2. Follow up with each of the approximately 20-22 MNAI projects for 2 years following completion to monitor how each local government implemented their asset management strategy or plans (e.g. financial, bylaw change), any changes in investment (e.g. land acquisition), operations or governance, and any ecosystem changes.
  • Produce case studies and lessons learned, and publicly communicate the findings.

The phases will be implemented in partnership with University of Waterloo’s School of Planning, which plans to engage students in collaboration with MNAI through Mitacs, a national not-for-profit established in 1999 as a Canadian Network of Centre of Excellence to support applied research and training.

The professional disciplines / engineering project will:

  1. Engage stakeholders through a project advisory committee of key professional and asset management organizations.
  2. Aim to develop Professional Practice Guidelines on asset management and natural asset management in collaboration with the Engineers and Geoscientists BC, Asset Management BC, and others, with the funding earmarked specifically for developing the natural asset management parts of the Guideline; and,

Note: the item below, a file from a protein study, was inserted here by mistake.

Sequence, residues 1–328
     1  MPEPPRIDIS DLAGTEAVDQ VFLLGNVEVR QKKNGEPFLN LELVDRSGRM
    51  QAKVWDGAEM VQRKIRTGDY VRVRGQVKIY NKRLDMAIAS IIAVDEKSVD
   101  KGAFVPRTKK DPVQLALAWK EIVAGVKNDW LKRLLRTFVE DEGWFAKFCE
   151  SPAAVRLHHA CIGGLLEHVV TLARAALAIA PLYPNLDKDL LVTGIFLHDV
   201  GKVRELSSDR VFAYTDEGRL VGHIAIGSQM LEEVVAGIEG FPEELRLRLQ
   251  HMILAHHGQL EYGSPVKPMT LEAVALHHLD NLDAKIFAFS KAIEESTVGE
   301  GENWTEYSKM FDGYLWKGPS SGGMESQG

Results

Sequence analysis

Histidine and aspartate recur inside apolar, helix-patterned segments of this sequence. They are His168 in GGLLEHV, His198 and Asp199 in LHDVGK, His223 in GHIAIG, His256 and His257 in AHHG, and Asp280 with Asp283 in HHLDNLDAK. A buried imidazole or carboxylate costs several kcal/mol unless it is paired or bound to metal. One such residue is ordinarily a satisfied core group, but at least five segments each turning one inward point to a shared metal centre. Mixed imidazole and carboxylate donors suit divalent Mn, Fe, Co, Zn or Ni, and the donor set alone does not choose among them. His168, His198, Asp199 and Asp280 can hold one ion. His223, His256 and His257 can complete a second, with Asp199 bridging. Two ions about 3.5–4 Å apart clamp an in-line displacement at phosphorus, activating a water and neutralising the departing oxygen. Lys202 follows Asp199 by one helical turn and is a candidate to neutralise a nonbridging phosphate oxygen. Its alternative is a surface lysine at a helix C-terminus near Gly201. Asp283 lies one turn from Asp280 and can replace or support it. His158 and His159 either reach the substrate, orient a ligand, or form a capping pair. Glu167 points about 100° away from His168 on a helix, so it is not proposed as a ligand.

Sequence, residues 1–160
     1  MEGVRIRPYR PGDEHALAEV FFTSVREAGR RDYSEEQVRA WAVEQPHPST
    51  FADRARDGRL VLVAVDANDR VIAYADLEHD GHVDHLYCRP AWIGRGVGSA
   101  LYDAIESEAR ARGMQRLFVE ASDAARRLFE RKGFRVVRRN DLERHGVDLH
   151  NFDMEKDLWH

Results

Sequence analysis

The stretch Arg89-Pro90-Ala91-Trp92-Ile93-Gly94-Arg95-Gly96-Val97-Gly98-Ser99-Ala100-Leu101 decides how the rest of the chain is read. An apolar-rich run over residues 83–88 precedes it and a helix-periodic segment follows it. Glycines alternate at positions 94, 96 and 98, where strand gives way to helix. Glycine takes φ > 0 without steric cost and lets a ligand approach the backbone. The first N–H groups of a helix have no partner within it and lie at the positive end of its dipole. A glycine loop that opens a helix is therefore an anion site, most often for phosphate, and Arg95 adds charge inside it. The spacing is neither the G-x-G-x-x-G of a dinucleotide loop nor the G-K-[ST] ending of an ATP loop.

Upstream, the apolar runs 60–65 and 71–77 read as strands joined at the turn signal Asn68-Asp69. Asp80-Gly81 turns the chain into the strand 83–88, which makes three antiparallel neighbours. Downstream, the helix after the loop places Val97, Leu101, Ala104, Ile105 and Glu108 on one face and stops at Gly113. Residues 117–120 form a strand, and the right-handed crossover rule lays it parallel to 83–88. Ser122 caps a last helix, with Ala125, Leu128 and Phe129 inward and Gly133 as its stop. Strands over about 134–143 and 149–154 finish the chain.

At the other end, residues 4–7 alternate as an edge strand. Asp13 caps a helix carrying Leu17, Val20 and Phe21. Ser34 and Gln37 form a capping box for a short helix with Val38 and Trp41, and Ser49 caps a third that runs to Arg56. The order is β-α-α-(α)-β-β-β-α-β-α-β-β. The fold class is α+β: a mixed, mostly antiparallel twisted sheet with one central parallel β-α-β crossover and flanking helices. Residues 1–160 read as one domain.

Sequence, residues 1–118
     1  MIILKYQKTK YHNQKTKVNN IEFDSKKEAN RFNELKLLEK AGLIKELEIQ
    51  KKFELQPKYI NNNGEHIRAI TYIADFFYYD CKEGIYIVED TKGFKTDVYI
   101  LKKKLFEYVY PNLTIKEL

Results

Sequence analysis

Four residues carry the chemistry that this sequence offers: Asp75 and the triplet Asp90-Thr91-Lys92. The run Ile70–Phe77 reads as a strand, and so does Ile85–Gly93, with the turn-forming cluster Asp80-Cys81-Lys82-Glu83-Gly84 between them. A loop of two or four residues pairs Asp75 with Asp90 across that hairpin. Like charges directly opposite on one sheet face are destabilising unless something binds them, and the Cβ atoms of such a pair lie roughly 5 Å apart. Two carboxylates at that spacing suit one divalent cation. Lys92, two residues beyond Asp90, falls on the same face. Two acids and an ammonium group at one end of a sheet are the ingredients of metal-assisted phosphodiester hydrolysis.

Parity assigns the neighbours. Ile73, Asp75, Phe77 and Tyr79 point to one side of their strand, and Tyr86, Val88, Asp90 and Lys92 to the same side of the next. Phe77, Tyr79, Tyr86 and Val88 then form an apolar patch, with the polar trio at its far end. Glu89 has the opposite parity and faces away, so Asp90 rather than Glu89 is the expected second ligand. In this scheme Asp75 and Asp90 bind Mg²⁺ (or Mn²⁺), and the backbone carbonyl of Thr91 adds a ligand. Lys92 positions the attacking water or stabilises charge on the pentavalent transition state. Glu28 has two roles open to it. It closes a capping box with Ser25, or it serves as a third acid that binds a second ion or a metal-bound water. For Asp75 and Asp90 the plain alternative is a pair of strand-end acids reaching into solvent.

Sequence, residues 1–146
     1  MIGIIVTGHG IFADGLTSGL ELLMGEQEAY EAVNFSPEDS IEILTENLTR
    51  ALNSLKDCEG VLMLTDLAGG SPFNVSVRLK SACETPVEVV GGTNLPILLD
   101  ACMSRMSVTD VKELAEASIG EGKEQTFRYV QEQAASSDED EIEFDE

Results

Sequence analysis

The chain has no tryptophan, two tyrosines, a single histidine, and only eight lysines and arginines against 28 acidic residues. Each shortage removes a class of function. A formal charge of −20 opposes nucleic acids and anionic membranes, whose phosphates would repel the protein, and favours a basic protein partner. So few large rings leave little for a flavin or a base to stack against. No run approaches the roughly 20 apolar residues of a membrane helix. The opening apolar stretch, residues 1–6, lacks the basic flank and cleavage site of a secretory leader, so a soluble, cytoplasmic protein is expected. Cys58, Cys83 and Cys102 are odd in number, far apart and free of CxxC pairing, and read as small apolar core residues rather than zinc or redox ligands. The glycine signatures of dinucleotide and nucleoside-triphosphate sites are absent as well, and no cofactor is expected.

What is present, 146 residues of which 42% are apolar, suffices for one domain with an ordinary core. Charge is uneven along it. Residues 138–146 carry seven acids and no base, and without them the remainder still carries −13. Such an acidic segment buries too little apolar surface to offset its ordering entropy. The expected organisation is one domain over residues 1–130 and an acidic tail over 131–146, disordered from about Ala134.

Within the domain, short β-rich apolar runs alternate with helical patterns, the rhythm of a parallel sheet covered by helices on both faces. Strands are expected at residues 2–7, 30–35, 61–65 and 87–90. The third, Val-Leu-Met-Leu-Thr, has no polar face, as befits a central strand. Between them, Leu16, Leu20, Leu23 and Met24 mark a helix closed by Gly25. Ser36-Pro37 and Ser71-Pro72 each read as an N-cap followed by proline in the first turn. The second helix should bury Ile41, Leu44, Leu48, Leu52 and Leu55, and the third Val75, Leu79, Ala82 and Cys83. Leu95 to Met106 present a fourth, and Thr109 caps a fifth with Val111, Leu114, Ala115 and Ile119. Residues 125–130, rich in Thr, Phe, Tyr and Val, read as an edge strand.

• Develop a roadmap for how to extend the effort towards a Professional Practice Guideline to other provinces, and for how to extend the development of norms to other professional disciplines.

The phases will be implemented in partnership with the University of British Columbia, with whom MNAI has applied to engage interns through Mitacs.

Some of the foundational work has already started.  As part of their course entitled Environmental Stewardship and Urban Systems, four Masters of Engineering Leadership in Urban Systems students, each taking a break from their professional career to learn more about managing cities, are beginning work on a preliminary report aimed at helping the Mitacs interns when they start work, planned for January 2020.

How you can get involved:

There is still an opportunity to support this critical work! The contributions of the Real Estate Foundation of BC and the Province of BC through the Ministry of Municipal Affairs and Housing comprise over 50% of project funding. MNAI, together with colleagues at the University of British Columbia and the University of Waterloo, have applied for additional funding through the Mitacs program, which still leaves a shortfall of about $96,000 over 4 years.

For more information or to become a donor, please contact Roy Brooke at [email protected].

As noted, funds raised by MNAI to date support the natural asset aspects of the proposed Professional Practice Guideline; Engineers and Geoscientists BC is leading separate fundraising efforts  for the development of the overarching Guideline.  For information on the latter, please contact Stuart Nash at [email protected]